ESF faculty are working to restore lost and damaged species across the globe. This work focuses on the restoration of rare, threatened, endangered, and keystone species, as well as the management of invasive species for restoration. RSC faculty research ranges from biotechnology and species restoration at the genetic level to restoring landscapes for specific species habitat.
Photo: Dr. James Gibbs works on the conservation of giant Galapagos tortoises and restoration of their ecosystem services, in collaboration with the Galapagos Conservancy.
Faculty Research Projects
The American Chestnut Research and Restoration Project
Professor Bill Powell and his research team are working to restore the iconic and valuable cultural symbol to the forest ecosystems of the eastern United States.
Of the estimated four billion American chestnut trees that once grew from Maine to Georgia, only a remnant survive today. The species was nearly wiped out by chestnut blight, accidently introduced into the United States over a century ago as people began to import Asian species of chestnut.
After nearly 30 years of research, the ESF team has developed new strains of American chestnut that can withstand the invasive blight through genetic engineering.
The "Darling" blight-tolerant American chestnut trees contain a gene from wheat to neutralize the effect of the blight, but otherwise are genetically over 99.999 percent identical to wild-type American chestnuts. These transgenic trees are currently undergoing a rigorous evaluation process and regulatory review before they can be used for widespread restoration.
The next step is getting the transgenic trees out into the forests, where they can breed with wild-type chestnuts to help them gain better resistance to the disease. To kick start the restoration process, ESF is working to establish production orchards for public distribution, produce transgenic trees for use in larger-scale forest restoration; establish educational plantings at botanical gardens, arboretums and other public venues and develop ecosystem and agricultural restoration protocols.
This project is unique because it is the first to seek approval of a transgenic plant to help save a species and restore a forest's ecology. The concepts and techniques that are being developing for American chestnut will also have broad applicability in managing diseases affecting the productivity of other important tree species such as Dutch-elm disease and elm yellows.
Proactive Conservation and Restoration of New York's Rare, Threatened and Endangered Plans
The research program of Dr. Danilo Fernando, in collaboration with Dr. Donald Leopold and Terry Ettinger, aims to promote the transition of plants from their rare, threatened and endangered status to states in which their threats are no longer present. Through the coupling of basic and applied scientific research and in collaboration with state, industry and private partners, some species have been taken off the endangered list, or at least, the need for listing species was reduced. This proactive approach to conservation and restoration will be focused on such outcome through understanding the growth, reproduction and genetic diversity of the target species in relation to their habitat and ecosystem requirements and long-term persistence.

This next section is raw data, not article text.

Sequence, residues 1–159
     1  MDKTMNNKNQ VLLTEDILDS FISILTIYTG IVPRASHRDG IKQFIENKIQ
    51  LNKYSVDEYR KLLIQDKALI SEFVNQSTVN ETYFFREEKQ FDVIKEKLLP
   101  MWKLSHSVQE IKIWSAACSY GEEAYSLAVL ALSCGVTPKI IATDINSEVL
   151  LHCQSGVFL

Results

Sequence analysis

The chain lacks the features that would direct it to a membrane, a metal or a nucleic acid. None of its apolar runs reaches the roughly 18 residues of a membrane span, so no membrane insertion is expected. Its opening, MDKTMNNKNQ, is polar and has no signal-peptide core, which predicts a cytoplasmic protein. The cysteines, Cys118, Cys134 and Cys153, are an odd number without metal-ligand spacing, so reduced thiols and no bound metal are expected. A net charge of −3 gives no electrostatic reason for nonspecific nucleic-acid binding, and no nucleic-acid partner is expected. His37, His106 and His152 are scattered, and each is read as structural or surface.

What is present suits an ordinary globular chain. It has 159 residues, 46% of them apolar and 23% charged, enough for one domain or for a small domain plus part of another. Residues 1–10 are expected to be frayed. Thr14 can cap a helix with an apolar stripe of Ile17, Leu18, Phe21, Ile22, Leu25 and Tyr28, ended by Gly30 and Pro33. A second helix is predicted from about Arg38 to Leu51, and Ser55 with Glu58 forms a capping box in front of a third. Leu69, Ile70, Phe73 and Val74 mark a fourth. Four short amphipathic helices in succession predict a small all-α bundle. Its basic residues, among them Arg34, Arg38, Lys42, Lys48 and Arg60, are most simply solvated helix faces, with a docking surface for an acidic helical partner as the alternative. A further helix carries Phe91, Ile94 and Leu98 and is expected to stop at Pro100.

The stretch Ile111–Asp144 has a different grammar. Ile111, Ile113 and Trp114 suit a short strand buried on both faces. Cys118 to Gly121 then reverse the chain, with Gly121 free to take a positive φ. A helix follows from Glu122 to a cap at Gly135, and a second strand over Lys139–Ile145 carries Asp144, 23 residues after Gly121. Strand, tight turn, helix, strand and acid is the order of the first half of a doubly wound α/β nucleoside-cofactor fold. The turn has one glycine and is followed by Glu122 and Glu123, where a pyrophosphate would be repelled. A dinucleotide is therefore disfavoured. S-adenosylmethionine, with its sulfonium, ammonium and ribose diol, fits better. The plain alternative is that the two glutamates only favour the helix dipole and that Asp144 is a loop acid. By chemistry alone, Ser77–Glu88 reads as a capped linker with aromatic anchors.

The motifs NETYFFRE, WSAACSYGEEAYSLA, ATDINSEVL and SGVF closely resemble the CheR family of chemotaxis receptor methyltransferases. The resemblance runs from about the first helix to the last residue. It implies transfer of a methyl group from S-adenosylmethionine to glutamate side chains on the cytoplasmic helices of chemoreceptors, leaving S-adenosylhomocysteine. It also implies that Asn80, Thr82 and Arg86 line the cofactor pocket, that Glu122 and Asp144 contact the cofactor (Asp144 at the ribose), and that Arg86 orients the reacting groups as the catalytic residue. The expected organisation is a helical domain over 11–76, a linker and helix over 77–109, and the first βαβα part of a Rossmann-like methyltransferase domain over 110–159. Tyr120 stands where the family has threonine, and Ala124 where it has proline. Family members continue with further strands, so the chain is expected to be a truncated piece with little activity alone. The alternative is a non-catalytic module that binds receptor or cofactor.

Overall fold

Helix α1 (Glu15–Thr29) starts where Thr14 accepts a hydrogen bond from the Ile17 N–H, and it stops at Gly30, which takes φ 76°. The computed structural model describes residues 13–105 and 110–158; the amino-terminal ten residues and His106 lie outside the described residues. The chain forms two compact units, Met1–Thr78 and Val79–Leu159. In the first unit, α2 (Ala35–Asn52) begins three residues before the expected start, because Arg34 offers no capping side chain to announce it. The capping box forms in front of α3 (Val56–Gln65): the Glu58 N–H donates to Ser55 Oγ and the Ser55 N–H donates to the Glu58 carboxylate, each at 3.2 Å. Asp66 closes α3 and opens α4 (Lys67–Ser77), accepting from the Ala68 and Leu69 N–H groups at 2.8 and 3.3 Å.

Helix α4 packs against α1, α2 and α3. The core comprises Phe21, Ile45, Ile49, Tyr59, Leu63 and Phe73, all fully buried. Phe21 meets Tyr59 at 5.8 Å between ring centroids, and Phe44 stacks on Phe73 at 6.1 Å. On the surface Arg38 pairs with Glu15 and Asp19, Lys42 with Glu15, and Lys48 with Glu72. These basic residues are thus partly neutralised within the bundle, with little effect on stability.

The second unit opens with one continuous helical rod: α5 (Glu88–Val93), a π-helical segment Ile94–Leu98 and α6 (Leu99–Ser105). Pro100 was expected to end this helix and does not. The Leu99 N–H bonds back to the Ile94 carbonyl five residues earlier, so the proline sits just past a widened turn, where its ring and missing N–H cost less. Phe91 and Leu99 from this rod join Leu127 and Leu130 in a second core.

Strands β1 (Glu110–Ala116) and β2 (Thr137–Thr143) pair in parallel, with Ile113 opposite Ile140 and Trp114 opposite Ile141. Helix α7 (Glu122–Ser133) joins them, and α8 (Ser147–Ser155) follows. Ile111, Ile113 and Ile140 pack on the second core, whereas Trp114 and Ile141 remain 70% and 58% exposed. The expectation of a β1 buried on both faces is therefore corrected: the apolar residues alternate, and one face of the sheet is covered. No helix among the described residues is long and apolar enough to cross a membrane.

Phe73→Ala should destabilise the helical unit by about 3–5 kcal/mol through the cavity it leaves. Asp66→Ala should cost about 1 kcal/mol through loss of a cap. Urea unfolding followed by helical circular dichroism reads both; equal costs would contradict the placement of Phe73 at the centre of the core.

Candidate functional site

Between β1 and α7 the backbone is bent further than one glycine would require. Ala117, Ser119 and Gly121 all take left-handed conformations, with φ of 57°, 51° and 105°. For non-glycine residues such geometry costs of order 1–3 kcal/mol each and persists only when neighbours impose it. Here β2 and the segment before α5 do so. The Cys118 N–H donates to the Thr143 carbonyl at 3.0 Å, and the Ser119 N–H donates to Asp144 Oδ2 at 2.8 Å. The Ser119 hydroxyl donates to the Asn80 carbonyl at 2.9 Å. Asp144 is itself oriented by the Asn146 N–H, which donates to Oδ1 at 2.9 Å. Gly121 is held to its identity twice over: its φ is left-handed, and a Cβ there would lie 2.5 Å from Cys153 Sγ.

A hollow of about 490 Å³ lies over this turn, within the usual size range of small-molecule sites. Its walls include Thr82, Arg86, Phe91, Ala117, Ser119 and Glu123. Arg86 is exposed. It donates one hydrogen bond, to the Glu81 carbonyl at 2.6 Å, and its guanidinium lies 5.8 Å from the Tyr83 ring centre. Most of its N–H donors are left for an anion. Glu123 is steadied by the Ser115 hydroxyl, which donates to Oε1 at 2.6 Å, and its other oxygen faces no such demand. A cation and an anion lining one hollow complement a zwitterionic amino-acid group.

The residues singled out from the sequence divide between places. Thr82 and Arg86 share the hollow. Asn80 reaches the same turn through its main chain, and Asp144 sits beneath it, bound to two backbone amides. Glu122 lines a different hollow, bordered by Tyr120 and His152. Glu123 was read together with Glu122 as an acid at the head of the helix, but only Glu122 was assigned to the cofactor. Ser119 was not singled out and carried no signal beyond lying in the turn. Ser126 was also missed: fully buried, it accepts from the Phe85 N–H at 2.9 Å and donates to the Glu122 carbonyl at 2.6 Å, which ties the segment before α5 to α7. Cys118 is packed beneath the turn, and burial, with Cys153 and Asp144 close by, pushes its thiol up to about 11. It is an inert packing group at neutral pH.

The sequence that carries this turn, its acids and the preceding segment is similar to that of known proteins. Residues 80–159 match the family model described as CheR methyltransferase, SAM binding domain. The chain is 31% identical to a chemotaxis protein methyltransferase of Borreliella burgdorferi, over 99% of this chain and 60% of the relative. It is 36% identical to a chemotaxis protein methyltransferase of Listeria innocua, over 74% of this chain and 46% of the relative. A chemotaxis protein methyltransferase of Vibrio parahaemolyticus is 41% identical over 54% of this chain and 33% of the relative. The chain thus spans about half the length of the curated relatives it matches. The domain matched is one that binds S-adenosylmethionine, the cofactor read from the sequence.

Photo (Lukas Evans): Greenhouse propagated American hart's-tongue fern.
Research on the following species are ongoing at ESF and as part of the RRSC:
- American hart's-tongue fern (Asplenium scolopendrium var. americanum) is federally listed as a threatened species.
- Leedy's roseroot (Rhodiola integrifolia subsp. leedyi). This species has an S1 (Imperiled) status and there are only two remaining populations in NY.
- American beachgrass (Calamagrostis breviligulata, syn. Ammophila breviligulata) is an ideal model system for the conservation and restoration of native ecotypes.
Project partners include: NY Natural Heritage Program, NYS Dept. of Environment and Conservation, US Fish and Wildlife Service, Great Lakes Research Consortium, Great Lakes Restoration Initiative
RSC Student Research Awards for Species Restoration
Towards the Conservation and Restoration of Rare, Threatened and Endangered Plant Species Restoration
M.S. student Lukas Evans is working with Dr. Danilo Fernando to restore rare, threatened and endangered plant species in New York State.
Photo (Lukas Evans): Greenhouse propagated American hart's-tongue fern (Asplenium scolopendrium var. americanum).
Our project consists of propagating 4 different plant species: the federally threatened American hart's-tongue fern (Asplenium scolopendrium var. americanum), the statewide endangered fragrant cliff fern (Dryopteris fragrans), the S1 (Imperiled) status Leedy's roseroot (Rhodiola integrifolia ssp. Leedyi) and the Lake Ontario native genotype of American beachgrass (Calamagrostis breviligulata). Restoration of American beachgrass is generally focused on restoring the Atlantic ecotype of the species, however in the Great Lakes region a native ecotype exists, and our research will propagate this Lake Ontario cultivar to use for local restoration in the Great Lakes. In order to restore plant populations in nature, we must determine the adequate environmental conditions required for their survival and success. Examples of these variables include temperature, moisture, light intensity and soil nutrients. Additionally, by characterizing each species' genetic composition we can better identify, protect, and cultivate them in the future.